• By way of context, here is the diff where the "mainstream newspapers" content was first added, and here is the related discussion from 2007. That history shows some excellent work in building consensus, but it doesn't seem to me that the "mainstream newspapers" language was ever subject to much specific discussion -- or indeed, that the section as a whole was ever reflective of a consensus any broader than the community of talkpage participants. I personally have no strong opinions on the matter -- but FWIW, given that the policy landscape has stabilized since 2007, I see little added benefit from addressing this particular issue here rather than at WP:RS; incorporating implementation details into a core policy seems suboptimal generally, and as noted in the recent discussion, "mainstream" is problematic in many contexts. -- Visviva (talk) 18:34, 8 February 2020 (UTC)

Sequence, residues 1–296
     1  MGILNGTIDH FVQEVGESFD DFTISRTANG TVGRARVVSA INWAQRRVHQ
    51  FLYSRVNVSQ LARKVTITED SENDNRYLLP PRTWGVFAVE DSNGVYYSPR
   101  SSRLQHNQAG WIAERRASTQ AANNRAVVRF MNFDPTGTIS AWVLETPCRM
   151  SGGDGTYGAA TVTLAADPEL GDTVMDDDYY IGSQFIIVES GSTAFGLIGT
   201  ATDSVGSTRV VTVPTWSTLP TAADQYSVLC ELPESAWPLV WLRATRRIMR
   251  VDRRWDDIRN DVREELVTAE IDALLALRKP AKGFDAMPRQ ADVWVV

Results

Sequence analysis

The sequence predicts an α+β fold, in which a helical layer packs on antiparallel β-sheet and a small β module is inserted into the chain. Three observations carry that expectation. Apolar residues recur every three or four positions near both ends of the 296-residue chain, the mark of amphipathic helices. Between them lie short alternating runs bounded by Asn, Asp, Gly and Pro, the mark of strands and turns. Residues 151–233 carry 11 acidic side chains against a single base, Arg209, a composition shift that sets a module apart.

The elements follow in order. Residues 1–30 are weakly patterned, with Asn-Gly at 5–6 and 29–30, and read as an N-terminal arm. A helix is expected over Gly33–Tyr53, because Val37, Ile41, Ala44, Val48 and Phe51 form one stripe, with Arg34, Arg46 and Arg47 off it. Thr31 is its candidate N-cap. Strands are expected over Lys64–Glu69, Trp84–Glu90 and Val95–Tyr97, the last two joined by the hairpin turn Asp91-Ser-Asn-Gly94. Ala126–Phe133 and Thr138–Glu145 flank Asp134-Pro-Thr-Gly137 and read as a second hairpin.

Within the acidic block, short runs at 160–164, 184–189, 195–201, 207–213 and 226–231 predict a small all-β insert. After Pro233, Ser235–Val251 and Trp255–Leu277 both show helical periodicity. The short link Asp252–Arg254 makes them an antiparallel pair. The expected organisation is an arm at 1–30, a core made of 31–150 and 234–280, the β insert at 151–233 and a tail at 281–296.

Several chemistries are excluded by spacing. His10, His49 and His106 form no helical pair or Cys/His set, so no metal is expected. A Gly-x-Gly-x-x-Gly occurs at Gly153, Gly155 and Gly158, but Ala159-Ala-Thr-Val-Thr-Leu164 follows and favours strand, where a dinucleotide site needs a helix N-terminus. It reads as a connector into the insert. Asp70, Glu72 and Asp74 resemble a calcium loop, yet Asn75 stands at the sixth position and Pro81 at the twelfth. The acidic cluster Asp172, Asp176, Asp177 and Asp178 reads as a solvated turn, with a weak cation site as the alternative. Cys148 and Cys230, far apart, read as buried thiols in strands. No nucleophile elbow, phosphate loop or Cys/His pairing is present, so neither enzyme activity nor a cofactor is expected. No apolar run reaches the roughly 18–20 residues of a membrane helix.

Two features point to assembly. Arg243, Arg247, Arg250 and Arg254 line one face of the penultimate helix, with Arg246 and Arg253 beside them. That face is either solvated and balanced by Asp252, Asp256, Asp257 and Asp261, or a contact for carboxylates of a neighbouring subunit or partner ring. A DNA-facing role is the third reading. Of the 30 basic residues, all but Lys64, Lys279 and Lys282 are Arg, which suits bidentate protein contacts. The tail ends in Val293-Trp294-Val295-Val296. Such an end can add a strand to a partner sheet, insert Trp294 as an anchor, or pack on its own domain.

• I think "high-quality" (suggested version) is significantly worse than "mainstream" (old version) because the meaning of "high-quality" is poorly defined. But should it be "mainstream", i.e. should the sources reflect the prevalent current thought in society? Not necessarily, because something could be a small but notable minority view. Therefore, I would suggest to completely exclude this "particularly if it appears in respected mainstream publications". But things like that should indeed be discussed on an RfC since there is obviously a disagreement. My very best wishes (talk) 19:07, 8 February 2020 (UTC)

Well, I see that several users (including myself) expressed a justified criticism of the current version of the policy, and several others reverted proposed changes, but the only clearly articulated reason is that this change has not been properly discussed. To facilitate a discussion, let me summarize again the problems with current version. The current version, where I took liberty to restore the "under discussion" template says: